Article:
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Monday, August 17

Transplanting Fall Broccoli

As you might remember, my one and only broccoli plant has been through a little stress in its short life. The good news is, it has made a full recovery. I am still not sure if I planted it too late or not, but I will just have to see what happens come frost time. On the broccoli seed packet, it said 72 days. I have since done some research and found out that the 72 days means days from TRANSPLANT to maturity, not seed to maturity. (I really think the seed packet should have given me that important piece of info.)

Today, I moved the broccoli from its semi-shady and protected spot on the porch out to the garden. Since I have been growing it in a newspaper pot, I just planted the pot and all into the dirt. Now, broccoli is notoriously hard to grow organically because lots of bugs and worms (EWWW!) love broccoli. One of the best ways to protect broccoli is by covering it with a floating row cover from the minute you put it in the garden until you are ready to harvest it. Bugs can't get in, but light and water still can. Putting on a row coveris really easy.

First, dig a hole deep enough for your pot. Then stick your plant in the hole. See, isn't this easy?

Cover the entire pot with dirt, right up to the first broccoli leaves.

Cut your row cover to size, making sure to leave plenty of slack on both sides so that the plant can grow. I placed a couple of sticks on either side of the broccoli to keep the row cover off the plant, but that's optional. Then just place the cover over the plant.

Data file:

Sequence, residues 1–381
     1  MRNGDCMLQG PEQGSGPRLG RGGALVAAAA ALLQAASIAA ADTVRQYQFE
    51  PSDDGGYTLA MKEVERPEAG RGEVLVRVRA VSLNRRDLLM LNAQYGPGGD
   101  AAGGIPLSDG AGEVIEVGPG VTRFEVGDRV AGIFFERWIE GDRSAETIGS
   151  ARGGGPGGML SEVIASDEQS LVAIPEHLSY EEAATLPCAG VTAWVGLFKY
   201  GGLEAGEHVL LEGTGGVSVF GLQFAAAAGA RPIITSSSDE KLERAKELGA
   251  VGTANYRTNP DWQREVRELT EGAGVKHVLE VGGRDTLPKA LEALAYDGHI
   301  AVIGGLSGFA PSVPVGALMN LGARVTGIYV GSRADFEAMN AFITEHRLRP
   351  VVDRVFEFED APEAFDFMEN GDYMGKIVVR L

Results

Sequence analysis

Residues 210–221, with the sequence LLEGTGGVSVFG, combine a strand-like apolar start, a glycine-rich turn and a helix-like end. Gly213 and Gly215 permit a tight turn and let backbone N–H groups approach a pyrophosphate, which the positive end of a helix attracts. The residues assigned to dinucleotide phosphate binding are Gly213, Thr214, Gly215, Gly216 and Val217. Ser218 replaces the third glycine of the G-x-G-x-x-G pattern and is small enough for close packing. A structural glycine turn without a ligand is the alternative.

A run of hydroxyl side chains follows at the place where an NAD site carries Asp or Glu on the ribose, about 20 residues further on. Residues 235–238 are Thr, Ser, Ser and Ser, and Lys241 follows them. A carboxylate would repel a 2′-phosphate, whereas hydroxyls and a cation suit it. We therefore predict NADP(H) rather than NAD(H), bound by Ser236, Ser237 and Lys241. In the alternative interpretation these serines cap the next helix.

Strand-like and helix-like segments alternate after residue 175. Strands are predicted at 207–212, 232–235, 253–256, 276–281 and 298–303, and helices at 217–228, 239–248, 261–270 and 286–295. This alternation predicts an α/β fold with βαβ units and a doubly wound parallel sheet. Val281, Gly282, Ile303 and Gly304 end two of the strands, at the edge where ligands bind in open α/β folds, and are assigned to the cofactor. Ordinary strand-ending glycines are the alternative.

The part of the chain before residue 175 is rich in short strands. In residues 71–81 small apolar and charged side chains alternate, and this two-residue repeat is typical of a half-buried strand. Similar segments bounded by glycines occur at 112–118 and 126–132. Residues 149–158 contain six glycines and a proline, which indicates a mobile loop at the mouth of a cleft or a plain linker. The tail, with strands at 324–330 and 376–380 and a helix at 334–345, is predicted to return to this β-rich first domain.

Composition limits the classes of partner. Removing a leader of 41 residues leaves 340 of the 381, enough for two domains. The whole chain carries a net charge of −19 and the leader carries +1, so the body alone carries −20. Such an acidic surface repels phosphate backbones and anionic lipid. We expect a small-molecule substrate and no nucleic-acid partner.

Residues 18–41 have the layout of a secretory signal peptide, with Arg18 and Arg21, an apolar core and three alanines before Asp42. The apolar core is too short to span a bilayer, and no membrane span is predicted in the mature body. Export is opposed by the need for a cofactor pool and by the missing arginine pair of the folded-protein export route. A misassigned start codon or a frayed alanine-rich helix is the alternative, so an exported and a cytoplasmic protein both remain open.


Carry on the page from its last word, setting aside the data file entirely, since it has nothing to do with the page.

Scatter dirt all around the edges to make sure it will stay in place and the bugs don't have any openings. I was thinking of maybe making a long tube and filling it with dirt or sand (kind of like a draft blocker for your door) for next year and then putting that along the edges instead of dirt. I think it would be a lot prettier and would be easy to remove if you want to look under the cover.
That's all there is to it. You can water right through the cover.


Jena said...

What do you use for the cover?

Lisa said...

It's called a floating row cover. They are available at most garden centers or online. They are used for pest protection and also to help extend the growing season by insulating the plants in cold weather.

Thomas said...

I feel your pain. Out of an entire packet of seeds, I had 4 broccoli seedlings. Two were accidentally decapitated during transplanting. The remaining two are starting to resemble swiss cheese these days! I should have purchased some row cover earlier! So much for fall broccoli.

Lisa said...

The broccoli is doing great under the row cover, so I would highly, highly recommend growing it this way. I just wish I would have planted it earlier!

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